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With the greatest fidelity the pope watched over the welfare of his ward during the nine years of his minority.
Even the enemies of the papacy admit that Innocent was an unselfish guardian of the young king and that no one else could have ruled for him more ably and conscientiously.
She appealed to Innocent III to save the Sicilian throne for her child.
The pope made use of this opportunity to reassert papal suzerainty over Sicily, and acknowledged Frederick II as king only after Constance had surrendered certain privileges contained in the so-called Four Chapters, which William I had previously extorted from Adrian IV.
(Lotario de' Conti) One of the greatest popes of the Middle Ages, son of Count Trasimund of Segni and nephew of Clement III, born 1160 or 1161 at Anagni, and died 16 June, 1216, at Perugia. During the pontificate of Celestine III (1191-1198), a member of the House of the Orsini, enemies of the counts of Segni, he lived in retirement, probably at Anagni, devoting himself chiefly to meditation and literary pursuits. Previous to his death he had urged the College of Cardinals to elect Giovanni di Colonna as his successor; but Lotario de' Conti was elected pope, at Rome, on the very day on which Celestine III died.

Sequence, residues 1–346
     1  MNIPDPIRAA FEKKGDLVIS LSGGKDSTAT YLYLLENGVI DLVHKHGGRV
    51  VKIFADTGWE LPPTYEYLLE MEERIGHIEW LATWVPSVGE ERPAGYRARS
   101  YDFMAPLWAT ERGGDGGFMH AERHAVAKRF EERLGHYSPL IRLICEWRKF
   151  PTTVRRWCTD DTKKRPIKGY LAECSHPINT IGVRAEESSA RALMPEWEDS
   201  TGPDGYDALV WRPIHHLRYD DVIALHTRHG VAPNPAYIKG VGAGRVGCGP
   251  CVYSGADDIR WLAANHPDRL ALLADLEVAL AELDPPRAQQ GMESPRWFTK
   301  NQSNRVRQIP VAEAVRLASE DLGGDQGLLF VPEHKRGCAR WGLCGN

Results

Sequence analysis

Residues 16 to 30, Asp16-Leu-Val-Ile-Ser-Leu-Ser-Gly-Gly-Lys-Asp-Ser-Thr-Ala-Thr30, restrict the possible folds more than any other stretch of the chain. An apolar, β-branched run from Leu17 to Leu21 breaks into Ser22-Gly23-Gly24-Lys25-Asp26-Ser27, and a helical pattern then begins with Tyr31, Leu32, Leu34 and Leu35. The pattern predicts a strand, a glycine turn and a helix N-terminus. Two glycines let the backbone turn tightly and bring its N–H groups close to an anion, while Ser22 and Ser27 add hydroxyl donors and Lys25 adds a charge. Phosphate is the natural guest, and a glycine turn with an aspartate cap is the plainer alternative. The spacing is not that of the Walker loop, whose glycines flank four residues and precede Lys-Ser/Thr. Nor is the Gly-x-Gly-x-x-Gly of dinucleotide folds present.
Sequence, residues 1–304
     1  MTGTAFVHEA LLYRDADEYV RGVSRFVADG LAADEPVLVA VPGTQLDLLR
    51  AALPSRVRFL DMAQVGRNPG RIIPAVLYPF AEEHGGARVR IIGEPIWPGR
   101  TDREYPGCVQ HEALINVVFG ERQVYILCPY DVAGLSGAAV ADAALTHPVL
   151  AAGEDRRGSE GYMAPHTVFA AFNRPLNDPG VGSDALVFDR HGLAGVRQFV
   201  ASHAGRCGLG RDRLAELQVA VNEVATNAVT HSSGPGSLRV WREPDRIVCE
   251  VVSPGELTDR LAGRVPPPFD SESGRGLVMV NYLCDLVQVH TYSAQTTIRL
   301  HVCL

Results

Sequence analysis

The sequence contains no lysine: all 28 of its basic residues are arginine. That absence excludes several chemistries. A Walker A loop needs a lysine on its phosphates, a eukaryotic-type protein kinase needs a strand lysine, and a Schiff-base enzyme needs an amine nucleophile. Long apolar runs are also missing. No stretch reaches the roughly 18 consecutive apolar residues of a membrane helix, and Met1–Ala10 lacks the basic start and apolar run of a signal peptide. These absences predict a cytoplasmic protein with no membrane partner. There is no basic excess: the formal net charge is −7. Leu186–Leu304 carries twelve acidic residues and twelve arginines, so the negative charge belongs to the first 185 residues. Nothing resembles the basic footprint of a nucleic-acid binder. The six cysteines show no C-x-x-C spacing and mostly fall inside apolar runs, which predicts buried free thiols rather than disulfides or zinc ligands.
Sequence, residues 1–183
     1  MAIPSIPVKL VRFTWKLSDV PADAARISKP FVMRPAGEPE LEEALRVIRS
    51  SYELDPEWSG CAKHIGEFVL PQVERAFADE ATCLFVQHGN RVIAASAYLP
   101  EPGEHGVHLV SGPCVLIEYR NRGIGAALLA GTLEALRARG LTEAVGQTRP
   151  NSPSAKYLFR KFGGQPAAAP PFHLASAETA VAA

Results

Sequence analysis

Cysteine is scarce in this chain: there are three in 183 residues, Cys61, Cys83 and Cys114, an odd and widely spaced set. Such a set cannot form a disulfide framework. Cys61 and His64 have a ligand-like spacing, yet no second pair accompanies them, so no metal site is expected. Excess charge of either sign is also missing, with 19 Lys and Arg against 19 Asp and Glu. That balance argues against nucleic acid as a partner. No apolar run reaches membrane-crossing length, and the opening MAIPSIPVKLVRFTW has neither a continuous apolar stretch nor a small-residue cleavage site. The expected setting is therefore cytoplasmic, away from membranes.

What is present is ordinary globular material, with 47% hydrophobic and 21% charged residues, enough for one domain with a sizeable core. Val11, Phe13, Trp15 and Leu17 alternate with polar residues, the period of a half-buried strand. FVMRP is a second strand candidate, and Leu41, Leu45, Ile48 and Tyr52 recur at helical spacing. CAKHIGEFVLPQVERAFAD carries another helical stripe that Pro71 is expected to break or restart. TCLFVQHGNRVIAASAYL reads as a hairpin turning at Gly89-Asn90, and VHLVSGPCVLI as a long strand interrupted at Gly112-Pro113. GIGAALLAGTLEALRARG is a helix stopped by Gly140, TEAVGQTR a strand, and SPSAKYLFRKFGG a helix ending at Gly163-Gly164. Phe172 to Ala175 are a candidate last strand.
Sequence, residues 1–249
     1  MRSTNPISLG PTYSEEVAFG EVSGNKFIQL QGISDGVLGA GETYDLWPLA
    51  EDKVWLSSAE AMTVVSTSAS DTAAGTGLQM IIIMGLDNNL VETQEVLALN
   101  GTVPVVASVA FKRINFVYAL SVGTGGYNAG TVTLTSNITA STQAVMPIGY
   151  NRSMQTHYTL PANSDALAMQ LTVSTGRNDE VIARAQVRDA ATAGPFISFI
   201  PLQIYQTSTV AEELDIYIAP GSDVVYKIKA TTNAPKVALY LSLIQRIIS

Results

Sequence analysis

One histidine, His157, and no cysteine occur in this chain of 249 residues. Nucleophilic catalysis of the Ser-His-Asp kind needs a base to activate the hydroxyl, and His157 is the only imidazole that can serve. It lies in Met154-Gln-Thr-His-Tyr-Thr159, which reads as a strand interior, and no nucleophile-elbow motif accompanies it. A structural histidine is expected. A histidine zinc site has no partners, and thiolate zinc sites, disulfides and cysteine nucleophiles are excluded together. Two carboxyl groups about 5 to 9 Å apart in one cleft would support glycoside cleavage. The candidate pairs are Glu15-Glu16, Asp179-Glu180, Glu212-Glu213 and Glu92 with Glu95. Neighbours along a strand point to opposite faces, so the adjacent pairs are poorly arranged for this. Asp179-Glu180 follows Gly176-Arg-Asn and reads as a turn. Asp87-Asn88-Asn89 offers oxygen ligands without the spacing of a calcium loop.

He received his early education at Rome, studied theology at Paris, jurisprudence at Bologna, and became a learned theologian and one of the greatest jurists of his time. He accepted the tiara with reluctance and took the name of Innocent III.
The Prefect of Rome, who reigned over the city as the emperor's representative, and the senator who stood for the communal rights and privileges of Rome, swore allegiance to Innocent.
After the death of Henry VI a double election had ensued.
The Ghibellines had elected Philip of Swabia on 6 March, 1198, while the Guelfs had elected Otto IV, son of Henry the Lion and nephew of King Richard of England , in April of the same year.
First he sent two cardinal legates to Markwuld to demand the restoration of the Romagna and the Church.
Upon his evasive answer he was excommunicated by the legates and driven away by the papal troops.